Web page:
On Wednesday, 27 January 2010, the Dow Jones Industrial Average rose 42 points while the S&P 500 and the Nasdaq Composite were up 5 points and 18 points after the Federal Reserve left interest rates unchanged at a record low.
The US Federal Reserve said yesterday that it intended to end some emergency lending and asset-buying programmes. The Fed left its benchmark interest rate in a range between zero and 0.25% and renewed its pledge to keep the rate near zero to promote economic recovery.
US president Obama pledged to double exports in five years to help create jobs, prompting some market players to think that the US government may seek a weak dollar to promote exports.
The Fed and other major central banks around the world on Wednesday decided to end emergency dollar-lending operations on 1 February 2010 due to improvement in financial markets.
In premarket trading, the Dow was trading 37 points higher.
Back home during trading hours, the government announced that the food price index rose 17.40% in the year to 16 January 2010, slightly higher than the previous week’s rise of 16.81%. The fuel price index rose 5.70% while the primary articles price index rose 14.66% in the year to 16 January 2010.
Meanwhile, agriculture minister Sharad Pawar said that the Reserve Bank of India (RBI) need not take monetary measures to contain food inflation. He also said wholesale sugar prices have already come down and retail prices may also follow suit soon.
The RBI’s data showed that banks’ outstanding loans fell by Rs11,900 crore in the two weeks to 15 January 2010 because companies repaid some loans. The data also showed that loans fell to Rs30,08,000 crore in the two weeks to 15 January 2010 and deposits fell by around Rs22,000 crore to Rs42,43,000 crore. In the two weeks to 1 January 2010, outstanding loans rose by a massive Rs78,192 crore and deposits also went up by Rs82,769 crore.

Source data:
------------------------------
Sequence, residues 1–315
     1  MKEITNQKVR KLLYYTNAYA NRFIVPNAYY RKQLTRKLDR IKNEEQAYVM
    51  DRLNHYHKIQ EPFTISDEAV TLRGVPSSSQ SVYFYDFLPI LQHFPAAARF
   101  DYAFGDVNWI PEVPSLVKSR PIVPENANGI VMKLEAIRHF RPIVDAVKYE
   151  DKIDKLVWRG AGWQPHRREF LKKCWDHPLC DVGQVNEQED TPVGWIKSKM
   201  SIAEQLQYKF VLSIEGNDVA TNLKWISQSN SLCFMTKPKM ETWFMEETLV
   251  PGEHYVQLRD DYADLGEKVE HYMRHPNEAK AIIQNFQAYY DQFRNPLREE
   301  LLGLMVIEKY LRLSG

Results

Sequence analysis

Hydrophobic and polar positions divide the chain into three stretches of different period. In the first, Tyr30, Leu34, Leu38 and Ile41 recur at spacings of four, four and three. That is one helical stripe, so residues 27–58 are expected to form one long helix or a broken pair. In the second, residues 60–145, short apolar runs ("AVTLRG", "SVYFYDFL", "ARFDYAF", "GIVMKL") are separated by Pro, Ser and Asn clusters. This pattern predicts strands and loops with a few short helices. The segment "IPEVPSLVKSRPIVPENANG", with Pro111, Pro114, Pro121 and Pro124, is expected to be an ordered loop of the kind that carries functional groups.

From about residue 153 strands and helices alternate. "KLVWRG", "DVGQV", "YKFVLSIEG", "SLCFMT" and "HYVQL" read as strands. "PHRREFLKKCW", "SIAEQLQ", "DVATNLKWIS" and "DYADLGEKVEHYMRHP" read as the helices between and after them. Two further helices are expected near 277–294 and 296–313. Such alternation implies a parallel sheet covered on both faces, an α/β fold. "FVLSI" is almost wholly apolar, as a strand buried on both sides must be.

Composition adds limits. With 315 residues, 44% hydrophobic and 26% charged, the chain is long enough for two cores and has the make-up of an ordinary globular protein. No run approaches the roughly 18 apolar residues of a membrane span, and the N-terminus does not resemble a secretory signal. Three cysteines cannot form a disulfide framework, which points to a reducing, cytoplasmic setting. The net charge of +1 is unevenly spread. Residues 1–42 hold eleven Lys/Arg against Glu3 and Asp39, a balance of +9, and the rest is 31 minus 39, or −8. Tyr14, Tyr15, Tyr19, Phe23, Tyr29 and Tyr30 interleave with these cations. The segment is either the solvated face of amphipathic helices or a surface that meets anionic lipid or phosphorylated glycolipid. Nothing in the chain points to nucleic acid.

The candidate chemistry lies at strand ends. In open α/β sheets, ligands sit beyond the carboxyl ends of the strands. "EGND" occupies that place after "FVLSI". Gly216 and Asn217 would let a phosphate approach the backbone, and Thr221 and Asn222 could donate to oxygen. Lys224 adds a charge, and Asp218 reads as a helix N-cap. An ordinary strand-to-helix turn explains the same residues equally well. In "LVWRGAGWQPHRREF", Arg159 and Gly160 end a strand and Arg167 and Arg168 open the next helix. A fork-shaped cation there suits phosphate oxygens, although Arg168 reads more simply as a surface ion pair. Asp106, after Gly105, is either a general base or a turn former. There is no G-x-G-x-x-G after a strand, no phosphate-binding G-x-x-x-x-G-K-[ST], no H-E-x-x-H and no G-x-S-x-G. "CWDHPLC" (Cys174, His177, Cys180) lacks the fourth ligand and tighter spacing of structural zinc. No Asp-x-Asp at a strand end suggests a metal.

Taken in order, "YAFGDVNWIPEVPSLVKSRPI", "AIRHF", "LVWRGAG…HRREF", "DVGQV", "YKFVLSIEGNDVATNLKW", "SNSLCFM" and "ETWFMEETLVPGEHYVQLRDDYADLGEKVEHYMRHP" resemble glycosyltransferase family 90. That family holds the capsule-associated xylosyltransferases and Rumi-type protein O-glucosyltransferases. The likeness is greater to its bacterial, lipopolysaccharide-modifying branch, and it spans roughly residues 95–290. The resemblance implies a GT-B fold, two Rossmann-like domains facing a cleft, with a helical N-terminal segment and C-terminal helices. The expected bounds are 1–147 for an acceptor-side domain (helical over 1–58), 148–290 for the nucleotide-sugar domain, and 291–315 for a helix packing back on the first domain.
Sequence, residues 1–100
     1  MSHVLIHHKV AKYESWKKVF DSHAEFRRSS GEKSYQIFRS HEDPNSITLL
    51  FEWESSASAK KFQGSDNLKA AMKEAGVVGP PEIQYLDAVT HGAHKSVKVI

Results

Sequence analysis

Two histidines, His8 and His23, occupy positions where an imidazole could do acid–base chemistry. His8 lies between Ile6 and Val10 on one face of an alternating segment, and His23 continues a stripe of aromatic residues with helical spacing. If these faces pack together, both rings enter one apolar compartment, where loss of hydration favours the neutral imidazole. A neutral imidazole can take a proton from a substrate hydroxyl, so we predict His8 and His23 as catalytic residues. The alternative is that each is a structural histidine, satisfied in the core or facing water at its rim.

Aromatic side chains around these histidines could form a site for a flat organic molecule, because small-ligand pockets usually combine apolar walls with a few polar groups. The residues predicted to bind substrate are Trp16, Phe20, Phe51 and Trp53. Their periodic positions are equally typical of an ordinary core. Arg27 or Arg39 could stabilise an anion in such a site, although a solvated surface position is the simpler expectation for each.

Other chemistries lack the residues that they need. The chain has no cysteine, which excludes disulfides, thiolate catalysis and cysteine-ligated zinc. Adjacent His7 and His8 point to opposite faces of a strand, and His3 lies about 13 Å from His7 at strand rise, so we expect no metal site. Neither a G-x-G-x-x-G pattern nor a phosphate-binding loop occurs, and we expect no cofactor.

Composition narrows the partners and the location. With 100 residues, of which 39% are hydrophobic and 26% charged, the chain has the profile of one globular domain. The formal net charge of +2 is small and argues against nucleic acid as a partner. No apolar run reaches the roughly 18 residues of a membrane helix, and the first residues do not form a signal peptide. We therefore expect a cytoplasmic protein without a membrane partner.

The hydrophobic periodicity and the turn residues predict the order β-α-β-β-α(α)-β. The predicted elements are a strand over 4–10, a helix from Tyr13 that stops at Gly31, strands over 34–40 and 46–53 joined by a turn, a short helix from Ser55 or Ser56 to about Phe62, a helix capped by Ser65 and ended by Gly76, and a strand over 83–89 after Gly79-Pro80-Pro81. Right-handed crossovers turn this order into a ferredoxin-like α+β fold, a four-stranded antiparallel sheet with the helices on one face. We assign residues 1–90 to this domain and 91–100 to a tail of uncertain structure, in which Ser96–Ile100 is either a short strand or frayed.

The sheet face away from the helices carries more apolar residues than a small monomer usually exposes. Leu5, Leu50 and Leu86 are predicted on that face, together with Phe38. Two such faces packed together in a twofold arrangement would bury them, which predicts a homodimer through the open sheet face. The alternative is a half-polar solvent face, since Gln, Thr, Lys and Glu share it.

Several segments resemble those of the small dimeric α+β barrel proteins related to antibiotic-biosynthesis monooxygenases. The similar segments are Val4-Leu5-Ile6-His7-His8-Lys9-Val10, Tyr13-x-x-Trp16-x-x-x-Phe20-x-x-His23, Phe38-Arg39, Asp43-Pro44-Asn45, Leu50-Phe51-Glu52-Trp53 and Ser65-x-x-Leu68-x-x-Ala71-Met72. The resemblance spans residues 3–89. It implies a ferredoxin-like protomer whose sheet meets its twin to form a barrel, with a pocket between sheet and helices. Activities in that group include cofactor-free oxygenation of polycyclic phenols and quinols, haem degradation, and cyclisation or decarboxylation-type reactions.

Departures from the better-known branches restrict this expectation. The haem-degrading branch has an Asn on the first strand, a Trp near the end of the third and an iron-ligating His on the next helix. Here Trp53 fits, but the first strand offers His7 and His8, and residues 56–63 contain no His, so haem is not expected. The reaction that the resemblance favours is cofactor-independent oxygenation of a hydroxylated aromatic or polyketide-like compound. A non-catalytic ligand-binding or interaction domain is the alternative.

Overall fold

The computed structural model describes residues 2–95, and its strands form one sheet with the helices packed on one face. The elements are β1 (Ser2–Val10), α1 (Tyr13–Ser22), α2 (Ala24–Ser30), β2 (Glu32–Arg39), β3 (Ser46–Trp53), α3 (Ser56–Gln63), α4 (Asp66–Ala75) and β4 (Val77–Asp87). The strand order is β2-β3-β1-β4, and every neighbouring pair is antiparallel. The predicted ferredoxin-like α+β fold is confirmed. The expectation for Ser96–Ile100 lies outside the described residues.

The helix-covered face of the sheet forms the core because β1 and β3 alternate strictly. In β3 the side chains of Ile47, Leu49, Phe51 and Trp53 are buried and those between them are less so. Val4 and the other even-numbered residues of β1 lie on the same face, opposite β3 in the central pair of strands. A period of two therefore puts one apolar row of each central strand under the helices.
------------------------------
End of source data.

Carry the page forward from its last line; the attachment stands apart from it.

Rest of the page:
We have no forecast for tomorrow’s market trend. Strong sell-off by traders is likely to continue.
A United States court has declared the disgraced former chief of Satyam Computer, Ramalinga Raju, as a pauper, which exempts him from paying court costs
Ramalinga Raju, the infamous former Satyam chief—who last year confessed to having cooked the books of the Indian IT company—has been declared a ‘pauper’ by a US court, exempting him from paying court costs, reports PTI.
The ‘pauper’ status was also conferred on Raju’s brother, Rama Raju, Satyam's former chief executive officer, and Srinivas Vadlamani, the company's former head of finance, by New York judge Barabara S Jones.
The defendants had in October 2009, filed an ‘in forma pauperis’ and for the appointment for a pro bono counsel.
According to court documents, the accused stated they are "unable to engage an attorney in the US to defend (themselves) in the class-action litigation and to pay any court fees or to meet any financial obligations which might be imposed by this court".
"The court finds that (the) defendants have adequately demonstrated that they are unable to pay costs as described in the federal law," US District Judge Jones said and proceeded to approve the ‘pauper’ status on the trio.
The judge, however, denied the request for a pro bono counsel as the "defendants are incarcerated in a foreign country and it would be unusually difficult for the appointed counsel to meet and otherwise competently represent (the) defendants under the circumstances".
The IT company, which has now been taken over by Tech Mahindra, was mired in an unprecedented controversy early in 2009, when its then chief Mr Raju had admitted to falsifying Satyam’s books by more than $1 billion.
In November last year, a CBI probe found that the fraud was 40% larger than originally estimated.
The former CEO of Satyam is since being held in India.